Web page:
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Re: Balancing L/C Sizes



Original poster: "William Swanson by way of Terry Fritz <twftesla-at-uswest-dot-net>" <swansontec-at-yahoo-dot-com>

Hi All,
Looks like Iíll have to retract my last statement
about wire size not making a difference, since I
overlooked one important little detail. When you use
twice as many turns of wire that is half as thick, you
are actually using twice the length of wire. I didnít
take this into account when I made this statement
about wire size, so it turns out that Iím wrong, and
smaller wire does have greater losses. However, as
somebody else pointed out, after a certain point the
skin effect takes hold and causes the decrease in
resistance for a given wire size to decrease only
linearly. Once this limit is reached, wire size
becomes unimportant, but below this limit, it is
important. Perhaps this is the reason for the rule of
that says you should stick with 22 gauge wire for your
secondary...

Sorry for the goof up.

-William

--- Tesla list <tesla-at-pupman-dot-com> wrote:
> Original poster: "Scott Fulks by way of Terry Fritz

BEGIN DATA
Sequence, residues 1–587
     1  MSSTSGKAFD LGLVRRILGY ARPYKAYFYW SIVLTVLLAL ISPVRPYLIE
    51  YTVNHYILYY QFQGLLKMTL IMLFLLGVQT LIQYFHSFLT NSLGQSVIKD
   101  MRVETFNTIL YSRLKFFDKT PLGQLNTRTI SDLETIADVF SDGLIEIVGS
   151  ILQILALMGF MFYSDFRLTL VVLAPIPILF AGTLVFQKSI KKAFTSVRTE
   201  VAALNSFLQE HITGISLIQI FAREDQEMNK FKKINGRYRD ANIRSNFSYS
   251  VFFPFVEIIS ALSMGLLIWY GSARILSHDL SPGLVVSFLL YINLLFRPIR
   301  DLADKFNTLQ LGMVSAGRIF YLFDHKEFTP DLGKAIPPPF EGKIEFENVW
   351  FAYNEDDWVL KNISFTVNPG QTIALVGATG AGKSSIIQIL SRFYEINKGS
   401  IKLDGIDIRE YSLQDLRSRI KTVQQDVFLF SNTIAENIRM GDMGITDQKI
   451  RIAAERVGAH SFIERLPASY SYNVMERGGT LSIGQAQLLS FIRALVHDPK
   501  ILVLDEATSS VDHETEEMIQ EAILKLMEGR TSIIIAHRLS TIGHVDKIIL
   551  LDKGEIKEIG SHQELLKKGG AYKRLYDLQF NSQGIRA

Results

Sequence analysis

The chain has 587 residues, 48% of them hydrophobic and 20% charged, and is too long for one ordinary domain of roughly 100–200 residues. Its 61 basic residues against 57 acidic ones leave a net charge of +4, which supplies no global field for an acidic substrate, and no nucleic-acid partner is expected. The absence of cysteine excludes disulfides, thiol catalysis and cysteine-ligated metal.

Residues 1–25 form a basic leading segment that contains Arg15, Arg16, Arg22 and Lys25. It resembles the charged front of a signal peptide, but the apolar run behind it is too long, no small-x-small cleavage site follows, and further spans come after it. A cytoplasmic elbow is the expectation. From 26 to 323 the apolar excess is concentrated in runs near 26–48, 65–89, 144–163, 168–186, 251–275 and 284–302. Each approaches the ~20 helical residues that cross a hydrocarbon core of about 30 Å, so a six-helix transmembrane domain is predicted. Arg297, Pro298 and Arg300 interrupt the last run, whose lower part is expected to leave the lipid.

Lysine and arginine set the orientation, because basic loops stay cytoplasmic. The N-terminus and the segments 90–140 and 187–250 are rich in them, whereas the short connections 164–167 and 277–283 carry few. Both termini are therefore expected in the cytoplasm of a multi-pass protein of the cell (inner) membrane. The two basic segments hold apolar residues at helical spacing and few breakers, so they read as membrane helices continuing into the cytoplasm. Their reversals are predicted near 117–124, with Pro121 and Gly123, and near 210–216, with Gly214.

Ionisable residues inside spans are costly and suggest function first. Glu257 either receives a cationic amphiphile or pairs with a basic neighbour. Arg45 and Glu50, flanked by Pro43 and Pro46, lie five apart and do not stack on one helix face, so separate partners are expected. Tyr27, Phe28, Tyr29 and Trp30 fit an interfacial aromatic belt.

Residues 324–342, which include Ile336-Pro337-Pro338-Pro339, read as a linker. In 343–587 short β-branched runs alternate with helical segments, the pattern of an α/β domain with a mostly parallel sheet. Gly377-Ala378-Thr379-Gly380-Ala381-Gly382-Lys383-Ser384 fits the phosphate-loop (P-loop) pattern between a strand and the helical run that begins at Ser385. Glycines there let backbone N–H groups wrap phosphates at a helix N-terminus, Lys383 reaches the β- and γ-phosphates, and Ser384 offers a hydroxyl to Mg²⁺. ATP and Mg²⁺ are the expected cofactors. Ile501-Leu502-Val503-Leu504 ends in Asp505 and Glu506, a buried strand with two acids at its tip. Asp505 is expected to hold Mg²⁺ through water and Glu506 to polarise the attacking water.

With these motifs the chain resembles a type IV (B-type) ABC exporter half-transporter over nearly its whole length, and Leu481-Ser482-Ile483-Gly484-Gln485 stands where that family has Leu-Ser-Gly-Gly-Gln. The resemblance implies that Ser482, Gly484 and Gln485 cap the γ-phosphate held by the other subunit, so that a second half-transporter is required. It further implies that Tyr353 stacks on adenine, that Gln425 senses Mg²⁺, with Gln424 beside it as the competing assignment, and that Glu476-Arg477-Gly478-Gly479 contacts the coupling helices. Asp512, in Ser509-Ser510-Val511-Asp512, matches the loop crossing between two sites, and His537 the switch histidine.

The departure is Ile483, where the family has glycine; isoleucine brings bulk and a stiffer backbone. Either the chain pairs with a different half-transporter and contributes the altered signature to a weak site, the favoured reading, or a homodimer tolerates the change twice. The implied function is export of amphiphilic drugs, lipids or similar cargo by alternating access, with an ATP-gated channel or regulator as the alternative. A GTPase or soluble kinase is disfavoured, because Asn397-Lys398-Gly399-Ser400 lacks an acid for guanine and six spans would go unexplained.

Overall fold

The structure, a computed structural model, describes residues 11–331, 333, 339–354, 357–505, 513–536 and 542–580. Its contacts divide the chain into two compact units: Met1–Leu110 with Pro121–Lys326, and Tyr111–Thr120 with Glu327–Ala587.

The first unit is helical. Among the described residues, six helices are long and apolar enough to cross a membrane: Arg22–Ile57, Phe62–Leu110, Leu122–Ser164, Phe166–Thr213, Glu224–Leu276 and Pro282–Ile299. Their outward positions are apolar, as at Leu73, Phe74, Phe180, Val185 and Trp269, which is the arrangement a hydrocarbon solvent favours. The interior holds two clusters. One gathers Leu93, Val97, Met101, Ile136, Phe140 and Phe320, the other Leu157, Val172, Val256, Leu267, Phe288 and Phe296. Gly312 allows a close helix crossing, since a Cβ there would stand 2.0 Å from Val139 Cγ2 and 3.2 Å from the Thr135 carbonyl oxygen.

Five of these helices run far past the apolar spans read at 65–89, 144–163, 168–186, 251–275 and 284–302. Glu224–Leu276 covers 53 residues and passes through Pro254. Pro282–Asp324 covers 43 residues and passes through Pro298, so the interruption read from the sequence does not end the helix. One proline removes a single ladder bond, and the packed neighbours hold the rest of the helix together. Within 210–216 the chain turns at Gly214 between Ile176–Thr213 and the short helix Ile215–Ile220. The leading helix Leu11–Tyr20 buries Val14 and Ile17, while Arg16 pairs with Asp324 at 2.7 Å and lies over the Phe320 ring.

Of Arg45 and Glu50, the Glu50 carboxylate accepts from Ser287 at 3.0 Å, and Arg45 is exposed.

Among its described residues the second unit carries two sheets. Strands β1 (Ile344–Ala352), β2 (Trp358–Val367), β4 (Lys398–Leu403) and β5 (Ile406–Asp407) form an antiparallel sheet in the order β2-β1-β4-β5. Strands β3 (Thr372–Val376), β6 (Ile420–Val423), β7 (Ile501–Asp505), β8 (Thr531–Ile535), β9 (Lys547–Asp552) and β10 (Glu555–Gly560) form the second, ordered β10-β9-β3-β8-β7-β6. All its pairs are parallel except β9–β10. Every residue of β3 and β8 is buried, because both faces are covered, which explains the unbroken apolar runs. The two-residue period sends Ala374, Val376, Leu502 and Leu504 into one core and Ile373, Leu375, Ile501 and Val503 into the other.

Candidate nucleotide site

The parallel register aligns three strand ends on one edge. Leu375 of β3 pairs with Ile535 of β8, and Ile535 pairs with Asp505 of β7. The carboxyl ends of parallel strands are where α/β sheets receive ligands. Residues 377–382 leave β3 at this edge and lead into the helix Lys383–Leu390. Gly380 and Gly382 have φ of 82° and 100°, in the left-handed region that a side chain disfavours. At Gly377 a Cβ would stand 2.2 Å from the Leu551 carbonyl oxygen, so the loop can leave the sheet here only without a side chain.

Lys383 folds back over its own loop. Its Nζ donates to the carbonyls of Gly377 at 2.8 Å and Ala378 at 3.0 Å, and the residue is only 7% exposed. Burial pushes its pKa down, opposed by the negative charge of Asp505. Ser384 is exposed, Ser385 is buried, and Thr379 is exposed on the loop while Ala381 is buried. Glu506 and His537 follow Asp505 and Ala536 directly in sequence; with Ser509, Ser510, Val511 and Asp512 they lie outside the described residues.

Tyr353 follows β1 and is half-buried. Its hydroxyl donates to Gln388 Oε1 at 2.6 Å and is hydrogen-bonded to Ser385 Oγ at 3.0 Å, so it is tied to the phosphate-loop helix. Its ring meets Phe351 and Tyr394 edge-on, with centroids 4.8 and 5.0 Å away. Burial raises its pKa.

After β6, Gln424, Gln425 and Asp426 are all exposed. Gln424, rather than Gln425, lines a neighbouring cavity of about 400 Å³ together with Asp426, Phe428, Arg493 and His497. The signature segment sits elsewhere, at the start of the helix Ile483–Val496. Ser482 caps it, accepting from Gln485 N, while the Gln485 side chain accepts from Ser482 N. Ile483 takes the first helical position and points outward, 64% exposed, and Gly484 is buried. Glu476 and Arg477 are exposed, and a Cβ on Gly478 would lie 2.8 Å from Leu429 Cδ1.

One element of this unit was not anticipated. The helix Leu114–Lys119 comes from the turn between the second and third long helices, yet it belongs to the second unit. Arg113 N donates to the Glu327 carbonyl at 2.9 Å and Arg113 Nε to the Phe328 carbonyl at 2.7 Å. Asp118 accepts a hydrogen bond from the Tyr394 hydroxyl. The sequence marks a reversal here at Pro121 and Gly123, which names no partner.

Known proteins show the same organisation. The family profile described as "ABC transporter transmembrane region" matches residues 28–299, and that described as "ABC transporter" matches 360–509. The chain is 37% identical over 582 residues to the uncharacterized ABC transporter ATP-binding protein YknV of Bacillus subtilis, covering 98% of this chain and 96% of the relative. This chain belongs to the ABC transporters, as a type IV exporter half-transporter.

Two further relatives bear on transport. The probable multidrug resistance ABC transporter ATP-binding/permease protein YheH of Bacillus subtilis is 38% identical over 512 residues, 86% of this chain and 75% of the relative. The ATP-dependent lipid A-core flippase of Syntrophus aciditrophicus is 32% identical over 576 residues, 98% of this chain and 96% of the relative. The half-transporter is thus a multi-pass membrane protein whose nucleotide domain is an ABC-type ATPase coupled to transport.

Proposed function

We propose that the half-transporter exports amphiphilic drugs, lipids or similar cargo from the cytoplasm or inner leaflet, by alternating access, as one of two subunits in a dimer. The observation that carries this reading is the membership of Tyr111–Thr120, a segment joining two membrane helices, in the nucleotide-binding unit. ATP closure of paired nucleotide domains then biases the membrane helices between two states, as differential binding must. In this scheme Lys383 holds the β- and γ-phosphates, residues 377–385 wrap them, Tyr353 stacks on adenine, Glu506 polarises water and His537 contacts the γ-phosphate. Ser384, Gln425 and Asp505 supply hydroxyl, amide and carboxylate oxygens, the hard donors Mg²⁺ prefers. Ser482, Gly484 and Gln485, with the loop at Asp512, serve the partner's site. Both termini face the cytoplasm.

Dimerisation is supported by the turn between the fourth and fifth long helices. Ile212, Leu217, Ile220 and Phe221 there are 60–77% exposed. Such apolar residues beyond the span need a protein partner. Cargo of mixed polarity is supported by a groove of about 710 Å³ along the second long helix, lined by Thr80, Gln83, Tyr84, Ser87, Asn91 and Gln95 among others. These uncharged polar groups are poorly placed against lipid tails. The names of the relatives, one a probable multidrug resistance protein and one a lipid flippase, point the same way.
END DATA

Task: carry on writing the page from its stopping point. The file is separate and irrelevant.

> <twftesla-at-uswest-dot-net>" <darkthing-at-earthlink-dot-net>
> 
> William wrote:
> > wire gauge shouldn't make much of a difference,
> since
> > you can get twice as many turns with wire that is
> half
> > as thick. Since twice as many turns means four
> times
> > the inductance, while half as thick wire makes
> four
> > times the resistance, the inductance/resistance
> ratio
> > stays the same no matter how small your wire is.
> 
> This is not strictly true, due to the "skin effect"
> at high frequencies.  As
> the wire gets thicker, only the outer surface
> conducts the HF current, so
> for thick wires the resistance increases in inverse
> proportion to the radius
> of the wire, rather than the radius squared.  Oddly
> enough, this means
> thinner wires are more efficient carriers of current
> in TC secondaries.
> 
> As an example, at 100 khz, only the outer .2 mm or
> so of wire conducts
> effectively, so any wire gauge heavier than 26
> (radius of .2 mm) will start
> to lose efficiency.  The thicker wire has a lower
> inductance to resistance
> factor (Q) on a given coil form than the thin wire.
> 
> However, most coilers seem to use the "1000 turns"
> rule, which makes this
> argument less relevant.  For a fixed number of
> turns, the thicker the wire
> the lower the resistance at any frequency.
> 
> Regards,
> Scott Fulks (darkthing-at-earthlink-dot-net)
> 
> 
> 
> 


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